Big investors still face stamp duty hike
Big investors in property will not escape the looming stamp duty hike on buy-to-let homes , the Government has said.
As previously announced, the Government plans to press ahead with plans for a three percentage point stamp duty hike on current rates for buy-to-let investors and second home purchasers, from April 1.
The new rates will apply to purchases of additional residential properties in England, Wales and Northern Ireland.
The plans have been subject to a consultation, which considered whether it may be appropriate to have an exemption for investors buying at least 15 residential properties.
But the Budget document said: "T here will be no exemption from the higher rates for significant investors, and the higher rates will apply equally to purchases by individuals and corporate investors."
The Government did say, however, that it will give people buying a second property a longer period than previously proposed to claim a refund for the higher rate, to help those moving in difficult circumstances.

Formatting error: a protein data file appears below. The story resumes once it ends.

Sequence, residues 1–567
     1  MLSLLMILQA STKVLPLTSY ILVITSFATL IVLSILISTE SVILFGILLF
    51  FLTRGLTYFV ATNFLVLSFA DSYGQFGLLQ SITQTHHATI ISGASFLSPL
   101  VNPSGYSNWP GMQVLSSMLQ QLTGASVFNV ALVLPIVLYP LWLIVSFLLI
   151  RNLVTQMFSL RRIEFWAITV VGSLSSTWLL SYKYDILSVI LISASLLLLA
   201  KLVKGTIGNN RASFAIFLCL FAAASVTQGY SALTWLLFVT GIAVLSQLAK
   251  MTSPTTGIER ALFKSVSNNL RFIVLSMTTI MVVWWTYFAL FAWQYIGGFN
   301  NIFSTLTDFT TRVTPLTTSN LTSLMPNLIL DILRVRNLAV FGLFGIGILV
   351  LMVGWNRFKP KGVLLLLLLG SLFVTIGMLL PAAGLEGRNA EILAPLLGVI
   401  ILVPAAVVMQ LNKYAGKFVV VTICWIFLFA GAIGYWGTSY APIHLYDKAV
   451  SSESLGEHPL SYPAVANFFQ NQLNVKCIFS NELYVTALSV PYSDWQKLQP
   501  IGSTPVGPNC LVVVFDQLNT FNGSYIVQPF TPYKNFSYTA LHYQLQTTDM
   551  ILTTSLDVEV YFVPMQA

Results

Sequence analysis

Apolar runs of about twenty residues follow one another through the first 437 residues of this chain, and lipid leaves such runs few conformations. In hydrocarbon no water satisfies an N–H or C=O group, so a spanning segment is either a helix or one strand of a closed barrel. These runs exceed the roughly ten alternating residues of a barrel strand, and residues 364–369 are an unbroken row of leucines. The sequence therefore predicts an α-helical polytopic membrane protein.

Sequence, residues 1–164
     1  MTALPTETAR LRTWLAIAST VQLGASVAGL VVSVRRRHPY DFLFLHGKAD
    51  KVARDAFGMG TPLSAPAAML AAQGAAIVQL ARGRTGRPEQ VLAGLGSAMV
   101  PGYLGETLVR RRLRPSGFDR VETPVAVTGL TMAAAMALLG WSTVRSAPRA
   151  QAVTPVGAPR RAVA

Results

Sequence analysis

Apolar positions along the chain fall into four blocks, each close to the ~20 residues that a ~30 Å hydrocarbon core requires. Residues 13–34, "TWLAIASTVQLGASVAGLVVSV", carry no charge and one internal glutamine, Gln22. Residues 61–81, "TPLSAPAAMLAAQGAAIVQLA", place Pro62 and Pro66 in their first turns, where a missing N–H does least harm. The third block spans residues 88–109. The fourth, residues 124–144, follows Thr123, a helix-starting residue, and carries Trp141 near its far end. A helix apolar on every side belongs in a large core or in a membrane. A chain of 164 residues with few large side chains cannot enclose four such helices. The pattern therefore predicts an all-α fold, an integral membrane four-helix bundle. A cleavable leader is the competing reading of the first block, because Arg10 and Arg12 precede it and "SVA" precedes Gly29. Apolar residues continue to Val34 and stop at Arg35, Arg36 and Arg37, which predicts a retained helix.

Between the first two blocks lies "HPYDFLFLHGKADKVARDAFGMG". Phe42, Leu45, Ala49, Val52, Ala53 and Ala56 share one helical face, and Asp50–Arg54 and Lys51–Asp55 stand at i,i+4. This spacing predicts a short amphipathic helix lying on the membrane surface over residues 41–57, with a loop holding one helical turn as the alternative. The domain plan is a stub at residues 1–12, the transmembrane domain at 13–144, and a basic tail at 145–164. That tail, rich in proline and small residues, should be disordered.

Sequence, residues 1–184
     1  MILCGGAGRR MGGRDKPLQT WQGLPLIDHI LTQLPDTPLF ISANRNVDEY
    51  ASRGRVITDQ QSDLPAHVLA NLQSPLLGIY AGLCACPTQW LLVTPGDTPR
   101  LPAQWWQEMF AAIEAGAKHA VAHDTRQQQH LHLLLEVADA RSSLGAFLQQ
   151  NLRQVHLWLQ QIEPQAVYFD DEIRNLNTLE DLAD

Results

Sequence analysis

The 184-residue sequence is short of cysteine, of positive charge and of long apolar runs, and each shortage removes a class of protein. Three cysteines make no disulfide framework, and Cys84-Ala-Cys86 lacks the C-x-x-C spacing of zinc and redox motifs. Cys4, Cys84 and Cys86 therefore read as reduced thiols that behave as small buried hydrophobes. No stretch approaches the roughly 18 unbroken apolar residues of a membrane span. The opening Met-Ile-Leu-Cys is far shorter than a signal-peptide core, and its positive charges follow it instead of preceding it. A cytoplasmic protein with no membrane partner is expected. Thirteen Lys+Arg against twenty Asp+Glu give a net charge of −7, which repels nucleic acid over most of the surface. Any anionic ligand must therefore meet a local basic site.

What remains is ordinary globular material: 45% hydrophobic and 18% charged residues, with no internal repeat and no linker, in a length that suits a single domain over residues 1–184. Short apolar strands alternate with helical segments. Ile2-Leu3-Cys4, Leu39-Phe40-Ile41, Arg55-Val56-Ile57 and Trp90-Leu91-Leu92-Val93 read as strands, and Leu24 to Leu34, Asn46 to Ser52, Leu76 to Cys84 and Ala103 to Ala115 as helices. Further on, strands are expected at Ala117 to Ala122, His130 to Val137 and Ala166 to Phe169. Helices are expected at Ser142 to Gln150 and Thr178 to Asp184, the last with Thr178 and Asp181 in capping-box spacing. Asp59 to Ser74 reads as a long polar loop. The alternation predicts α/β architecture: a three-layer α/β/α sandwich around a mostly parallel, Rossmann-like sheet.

It has decided that purchasers will have 36 months rather than the originally proposed 18 months to claim a refund, in the event that there is a period of overlap or a gap in ownership of a main residence.
The Government will provide £60 million of the additional receipts from the higher rates to help community-led housing developments in rural and coastal communities where the impact of second homes is particularly acute.
Lawrence Hall, spokesman for Zoopla Property Group, said that based on current property values, prospective landlords will see an increase in stamp duty from £4,545 to £13,272 on the average property purchase.
He said: " The higher stamp duty on buy-to-let properties will ultimately make rents more expensive which in turn eats into people's ability to save up toward a deposit.
"This policy is misguided as in an attempt to reduce demand by some buyers, it ignores the fact that the private rental sector provides an essential service for millions of adults who are happy to rent, especially in their 20s and 30s. By hitting the rental sector with higher taxes and lower reliefs the Chancellor is making renting more expensive and getting on the ladder even harder for generation rent."
But Sarah Beeny, owner of estate agent Tepilo, said the stamp duty hike will help to slow prices at the entry end of the market, as investors and first-time buyers often compete for the same property types.
She said: " I fully support the rise in stamp duty on investment properties."
The Budget will also invest £100 million towards low cost accommodation for rough sleepers leaving hostel accommodation and domestic abuse victims and their families moving on from refuges.